Opinion

New revenue needed for road repairs | Guest Column

Town workers attend to a sinkhole on Spring Street in the wake of a break in the town water-main on Labor Weekend, 2012.   - Journal file photo
Town workers attend to a sinkhole on Spring Street in the wake of a break in the town water-main on Labor Weekend, 2012.
— image credit: Journal file photo

By Duncan Wilson, administrator, Town of Friday Harbor

Special to the Journal

Let’s face it, nobody likes paying taxes.

However, as noted (at right, by A. Vanderbilt), they are the lifeblood of government. Acceptance of taxes appears tied to keeping them fair, keeping them low, and spending them on only the most important plans and projects.

The Town of Friday Harbor enjoys one of the lowest property tax rates of all cities and towns in the state of Washington. In addition, we have no local business and occupation tax and are one of the few municipalities in the state without a utility tax. How can we do it?

Duncan WilsonOne answer is that we run a pretty tight ship, and the other is that Friday Harbor is blessed with robust sales tax revenue, a product of a healthy tourist/visitor economy. A significant portion of our general fund operations are paid with these revenues. Sales tax revenue has a silver lining as well: it is “O.P.M.”... or Other People’s Money.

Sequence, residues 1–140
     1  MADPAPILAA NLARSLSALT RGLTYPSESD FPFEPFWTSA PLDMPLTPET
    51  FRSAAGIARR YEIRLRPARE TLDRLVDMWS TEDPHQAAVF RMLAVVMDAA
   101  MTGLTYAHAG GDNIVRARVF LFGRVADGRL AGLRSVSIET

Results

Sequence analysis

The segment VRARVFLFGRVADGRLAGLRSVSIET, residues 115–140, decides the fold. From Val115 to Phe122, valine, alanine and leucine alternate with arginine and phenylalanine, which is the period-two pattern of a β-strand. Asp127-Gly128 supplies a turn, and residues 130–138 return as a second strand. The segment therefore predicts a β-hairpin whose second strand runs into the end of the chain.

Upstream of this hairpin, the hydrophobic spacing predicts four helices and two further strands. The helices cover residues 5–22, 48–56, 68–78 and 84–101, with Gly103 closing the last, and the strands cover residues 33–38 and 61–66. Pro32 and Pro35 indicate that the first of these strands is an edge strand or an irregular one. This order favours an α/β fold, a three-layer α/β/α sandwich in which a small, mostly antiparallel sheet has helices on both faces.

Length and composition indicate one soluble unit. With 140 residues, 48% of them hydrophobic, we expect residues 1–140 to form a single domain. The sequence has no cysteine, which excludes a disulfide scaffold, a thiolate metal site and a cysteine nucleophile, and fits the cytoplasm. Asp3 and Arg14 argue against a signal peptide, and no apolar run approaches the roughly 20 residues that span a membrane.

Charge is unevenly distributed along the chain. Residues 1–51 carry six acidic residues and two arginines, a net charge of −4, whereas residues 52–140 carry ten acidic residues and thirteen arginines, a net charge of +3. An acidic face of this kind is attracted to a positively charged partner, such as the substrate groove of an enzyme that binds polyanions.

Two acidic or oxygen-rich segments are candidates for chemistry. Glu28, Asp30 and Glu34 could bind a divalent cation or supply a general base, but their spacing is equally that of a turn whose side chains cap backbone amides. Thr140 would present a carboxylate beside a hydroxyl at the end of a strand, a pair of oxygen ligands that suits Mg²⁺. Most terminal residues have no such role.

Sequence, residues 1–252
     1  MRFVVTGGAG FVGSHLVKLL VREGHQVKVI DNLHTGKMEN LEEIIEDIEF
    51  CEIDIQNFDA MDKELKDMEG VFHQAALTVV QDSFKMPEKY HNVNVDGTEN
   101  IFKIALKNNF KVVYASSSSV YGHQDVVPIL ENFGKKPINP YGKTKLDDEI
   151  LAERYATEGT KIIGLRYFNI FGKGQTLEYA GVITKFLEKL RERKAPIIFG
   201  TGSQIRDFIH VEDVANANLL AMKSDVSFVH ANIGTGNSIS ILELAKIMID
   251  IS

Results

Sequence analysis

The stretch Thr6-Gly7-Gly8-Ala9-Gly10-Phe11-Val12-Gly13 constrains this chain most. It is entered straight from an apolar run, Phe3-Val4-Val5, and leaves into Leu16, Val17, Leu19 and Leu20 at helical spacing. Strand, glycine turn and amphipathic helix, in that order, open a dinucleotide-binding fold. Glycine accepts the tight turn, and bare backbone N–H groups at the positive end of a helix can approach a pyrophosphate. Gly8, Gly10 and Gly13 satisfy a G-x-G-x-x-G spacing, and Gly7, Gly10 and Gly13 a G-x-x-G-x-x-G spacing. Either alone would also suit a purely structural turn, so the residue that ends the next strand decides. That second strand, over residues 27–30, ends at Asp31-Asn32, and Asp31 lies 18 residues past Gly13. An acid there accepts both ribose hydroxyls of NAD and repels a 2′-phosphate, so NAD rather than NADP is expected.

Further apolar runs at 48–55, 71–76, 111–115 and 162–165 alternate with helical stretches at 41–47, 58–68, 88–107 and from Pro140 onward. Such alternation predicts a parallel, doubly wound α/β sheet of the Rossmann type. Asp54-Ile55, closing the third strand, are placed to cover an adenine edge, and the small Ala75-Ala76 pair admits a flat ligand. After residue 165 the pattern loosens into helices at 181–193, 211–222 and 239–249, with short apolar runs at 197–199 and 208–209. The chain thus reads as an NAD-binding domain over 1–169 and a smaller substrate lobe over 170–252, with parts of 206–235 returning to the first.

While town residents do pay sales tax, a large portion of our sales-tax revenue is paid by people living in the county or from visitors off-island. This is only fair as Friday Harbor has to build and maintain the streets, parks and facilities that they all use while they are here.

Why are we talking about taxes? As the town administrator, I have been meeting with the mayor, council and Public Works Director Wayne Haefele, to discuss the horrible condition of many of our streets. All of you have your favorite street or avenue to despise—pot holes, cracks, bumps and erosion make some of them a nightmare.

Public Works has undertaken a study to determine how much money we need to bring our streets back into repair and to complete the construction of sidewalks to improve our walkability. The cost is estimated at over $10 million, and we are just finishing a complete survey that will give us a much more accurate figure.

This is a staggering sum for a town of our size. In order to address the obvious deficiencies, I am proposing to the council that we adopt a “Transportation Initiative”; a plan to fund our transportation needs and return our streets to an acceptable condition over the next 15 years.

Two more questions arise at this point: Why have our streets become so bad? and are we the only ones facing this problem?

Let’s start with the easy question... we are not alone. The Association of Washington Cities, an organization that represents all 281 municipalities in our state, has done several studies and found the deterioration of infrastructure within cities and towns to be at epidemic proportions.

In a recent publication, AWC went so far as to declare our state’s infrastructure to be “in crisis”. Seattle alone, for instance, has 480 miles of street with no sidewalks. In a companion piece entitled “DANGER: Rough Road Ahead”, AWC identified the problems of growing costs and shrinking revenues. Every city and town is falling behind.